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Intel Sapphire Rapids-SP Delayed to 2022 as Chip Production Grows by 2x in the Last Four Years

During Intel’s Computex 2021 press conference, it was revealed that the 4th Gen Xeon Scalable processors, otherwise known as Sapphire Rapids will now be launched in the first half of 2022 instead of late 2021. This is despite the fact that multiple company execs had stated in the past that the next-gen server processors would launch by the end of 2021. This is likely the result of limited 10nm production which will become Intel’s primary process node in the second half of the year.

At the moment, only the mobile-grade Ice Lake and Tiger Lake (U and H) are based on the 10nm node, with the Ice Lake-SP lineup using the older iteration of the same process. Towards the beginning of 2022, everything from Intel’s desktop to notebook to server lineups will be using the 10nm node in one form or another. First, the octa-core Tiger Lake-H lineup along with the Tiger Lake-U refresh (which was demoed at today’s conference), then Alder Lake-S for desktop platforms, followed by Alder Lake-P for notebook PCs and convertibles.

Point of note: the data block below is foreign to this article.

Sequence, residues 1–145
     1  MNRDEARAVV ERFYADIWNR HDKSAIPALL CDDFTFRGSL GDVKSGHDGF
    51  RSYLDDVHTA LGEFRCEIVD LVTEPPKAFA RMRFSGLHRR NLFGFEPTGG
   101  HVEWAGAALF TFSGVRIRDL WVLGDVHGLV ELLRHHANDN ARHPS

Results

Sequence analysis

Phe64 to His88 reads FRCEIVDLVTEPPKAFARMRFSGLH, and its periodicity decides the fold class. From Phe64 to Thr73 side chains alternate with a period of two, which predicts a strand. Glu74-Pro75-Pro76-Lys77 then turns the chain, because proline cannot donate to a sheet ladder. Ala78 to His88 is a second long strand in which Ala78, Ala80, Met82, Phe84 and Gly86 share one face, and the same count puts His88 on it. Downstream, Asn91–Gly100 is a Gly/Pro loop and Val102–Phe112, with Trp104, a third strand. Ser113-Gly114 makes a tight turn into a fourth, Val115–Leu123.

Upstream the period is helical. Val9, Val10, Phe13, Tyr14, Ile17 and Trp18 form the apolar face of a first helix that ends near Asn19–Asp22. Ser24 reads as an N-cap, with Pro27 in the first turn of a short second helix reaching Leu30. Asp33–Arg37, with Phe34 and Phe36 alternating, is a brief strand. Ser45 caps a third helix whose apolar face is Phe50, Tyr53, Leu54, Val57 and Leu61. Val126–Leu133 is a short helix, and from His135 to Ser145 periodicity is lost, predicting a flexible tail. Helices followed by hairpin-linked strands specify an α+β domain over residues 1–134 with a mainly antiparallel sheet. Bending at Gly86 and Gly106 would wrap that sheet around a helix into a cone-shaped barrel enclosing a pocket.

Intel has already stated in the past that its overall PC shipments will drop as a result of this transition to the 10nm node. While Tiger Lake is based on the 10nm SuperFin node with the Willow Cove core architecture, both Alder Lake and Sapphire rapids will leverage the 10nm Enhanced SuperFin node along with the Golden Cove core architecture (+Gracemont for the former). The latter is expected to be a major upgrade for Intel’s server platform with up to 80 PCIe 5.0 lanes, CXL, DDR5 memory, and on-die HBM2 memory.

At the same time, the company was quick to state that it has doubled its chip production over the last four years, and external factors are the primary bottleneck on its manufacturing capabilities. The chipmaker expanded the production of substrates for chipsets and processors assembled at Intel’s Vietnam facility, with an overall investment of $4.5 billion towards the expansion of non-CPU products.

Areej

Computer Engineering dropout (3 years), writer, journalist, and amateur poet. I started my first technology blog, Techquila while in college to address my hardware passion. Although largely successful, it was a classic example of too many people trying out multiple different things but getting nothing done. Left in late 2019 and been working on Hardware Times ever since.
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